Posts Tagged With: Canning

Homemade Ketchup Recipe

Ketchup has been a staple condiment for hundreds of years. Have you ever wondered what people used to do before Heinz started producing store-bought ketchup? (or was it just me?) Well, this past harvest our tomatoes were VERY bountiful! After making Tomatoe Sauce every couple days for 2 months, I started looking for other recipes to preserve the tomatoes. This is when I stumbled upon a recipe for Ketchup! I figured… why not?!

It’s taken me until now to use up the store bought ketchup that was in my basement, but when I brought out the first jar of homemade ketchup all my daycare kids gave it 2 thumbs up! Without further ado….. Homemade Ketchup!

First you need to gather your ingredients:
3 tbsp Celery Seeds
4 tsp Whole Cloves (I used 16 tsp Ground Cloves)
2 Cinnamon Sticks, broken into pieces
1.5 tsp Whole Allspice (I used 8 tsp Ground Allspice)
3 cups Apple Cider Vinegar
24 lbs Tomatoes, cored & quartered
3 cups Onions, chopped
1 tsp Cayenne Pepper
1.5 cups Granulated Sugar
1/4 cup Pickling/Canning Salt

Step #1
Tie Celery Seeds, Cloves, Cinnamon Sticks and Allspice into a square of cheesecloth, creating a spice bag. Pour Vinegar into a saucepan, and place spice bag in as well. Bring to boil over high heat. Remove from heat and let stand 25 minutes. Discard spice bag.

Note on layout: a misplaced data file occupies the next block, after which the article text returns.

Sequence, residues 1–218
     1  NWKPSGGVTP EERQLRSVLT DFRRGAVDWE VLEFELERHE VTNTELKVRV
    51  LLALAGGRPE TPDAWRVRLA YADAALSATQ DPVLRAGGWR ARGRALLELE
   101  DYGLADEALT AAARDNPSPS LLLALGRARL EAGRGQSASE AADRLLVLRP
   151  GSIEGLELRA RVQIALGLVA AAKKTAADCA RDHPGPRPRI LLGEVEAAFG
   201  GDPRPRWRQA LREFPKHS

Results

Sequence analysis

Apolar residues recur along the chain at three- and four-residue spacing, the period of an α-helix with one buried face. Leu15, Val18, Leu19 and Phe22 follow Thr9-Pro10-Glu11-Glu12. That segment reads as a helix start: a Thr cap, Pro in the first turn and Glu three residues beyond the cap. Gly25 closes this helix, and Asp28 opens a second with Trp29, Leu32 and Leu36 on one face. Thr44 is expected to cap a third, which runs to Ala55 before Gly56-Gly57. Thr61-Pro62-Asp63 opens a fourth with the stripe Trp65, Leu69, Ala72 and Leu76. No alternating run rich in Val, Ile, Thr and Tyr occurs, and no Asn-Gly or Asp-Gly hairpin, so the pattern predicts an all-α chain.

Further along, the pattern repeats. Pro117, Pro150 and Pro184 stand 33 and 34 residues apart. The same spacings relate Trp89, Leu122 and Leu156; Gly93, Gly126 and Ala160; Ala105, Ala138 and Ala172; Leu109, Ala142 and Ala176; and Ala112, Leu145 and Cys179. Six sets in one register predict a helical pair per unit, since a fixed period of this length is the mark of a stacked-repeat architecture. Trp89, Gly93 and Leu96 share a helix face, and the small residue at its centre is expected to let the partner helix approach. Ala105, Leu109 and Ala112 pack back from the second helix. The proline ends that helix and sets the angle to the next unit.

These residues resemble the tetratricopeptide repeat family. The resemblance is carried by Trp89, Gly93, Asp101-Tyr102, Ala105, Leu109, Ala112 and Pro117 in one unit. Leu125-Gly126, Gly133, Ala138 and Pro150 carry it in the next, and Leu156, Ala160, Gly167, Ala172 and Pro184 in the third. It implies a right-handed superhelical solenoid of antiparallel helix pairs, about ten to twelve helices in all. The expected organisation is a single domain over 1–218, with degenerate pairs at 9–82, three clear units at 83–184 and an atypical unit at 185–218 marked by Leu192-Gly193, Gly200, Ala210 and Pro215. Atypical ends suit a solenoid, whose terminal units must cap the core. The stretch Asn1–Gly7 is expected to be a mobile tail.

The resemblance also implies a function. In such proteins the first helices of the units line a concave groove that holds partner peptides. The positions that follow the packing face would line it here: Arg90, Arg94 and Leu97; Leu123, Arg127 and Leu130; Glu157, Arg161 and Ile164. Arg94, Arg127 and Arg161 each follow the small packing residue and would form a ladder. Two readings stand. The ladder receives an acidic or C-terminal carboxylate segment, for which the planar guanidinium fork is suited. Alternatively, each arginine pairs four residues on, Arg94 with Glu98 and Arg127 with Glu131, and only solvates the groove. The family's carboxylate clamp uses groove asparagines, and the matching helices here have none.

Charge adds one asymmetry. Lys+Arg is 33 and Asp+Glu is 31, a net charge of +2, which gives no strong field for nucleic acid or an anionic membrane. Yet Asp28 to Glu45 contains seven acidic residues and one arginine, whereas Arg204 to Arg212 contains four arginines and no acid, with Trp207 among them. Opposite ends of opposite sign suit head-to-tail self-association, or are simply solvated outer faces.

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Step #2
In large canning pot combine Tomatoes, Onions & Cayenne. Bring to boil over high heat, stirring frequently. Reduce heat and boil gently for 20 minutes. Add infused vinegar and boil gently until vegetables are soft and mixture begins to thicken.
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Step #3
Working in batches, transfer mixture to a sieve placed over a glass/stainless steel bowl and press to extract all liquid. Discard solids.
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Step #4
Return liquids to saucepan. Add sugar and salt. Bring to boil over medium heat, stirring occasionally. Reduce heat and boil gently, stirring frequently, until volume is reduced by half and mixture is almost the consistency of commercial ketchup.
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Step #5
I used a Boiling-Water Heat Processing method for canning. Ladle hot ketchup into hot jars, leaving 1/2 inch headspace. Finger-tip tighten lid. Place jars in canner, ensuring they are completely covered with water. Bring to boil and process for 15 minutes. Remove canner lid. Wait 5 minutes, then remove jars, cool and store. I store the jars in my cellar, but once the jar is open I store it in my fridge (or in this great Tupperware squeeze container)
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Well, there you have it! A very tasty Ketchup (and without any Red Dye #2, and lower in sugar & salt than commercial brands) 🙂

Categories: Frugal, Recipe | Tags: , | 1 Comment

Esther’s Famous Dill Pickle Recipe

If you’ve never tried making your own pickles, you should! It is worth it because they are SO much better than store bought! I grew up with homemade pickles, as my Mom & Grandma both made some every year. When I first tasted Darryl’s Mom’s pickles, I knew that I had to try this different recipe. This harvest season has brought with it an abundance of cucumbers, so I knew that I would be able to try Esther’s Famous Dill Pickle Recipe!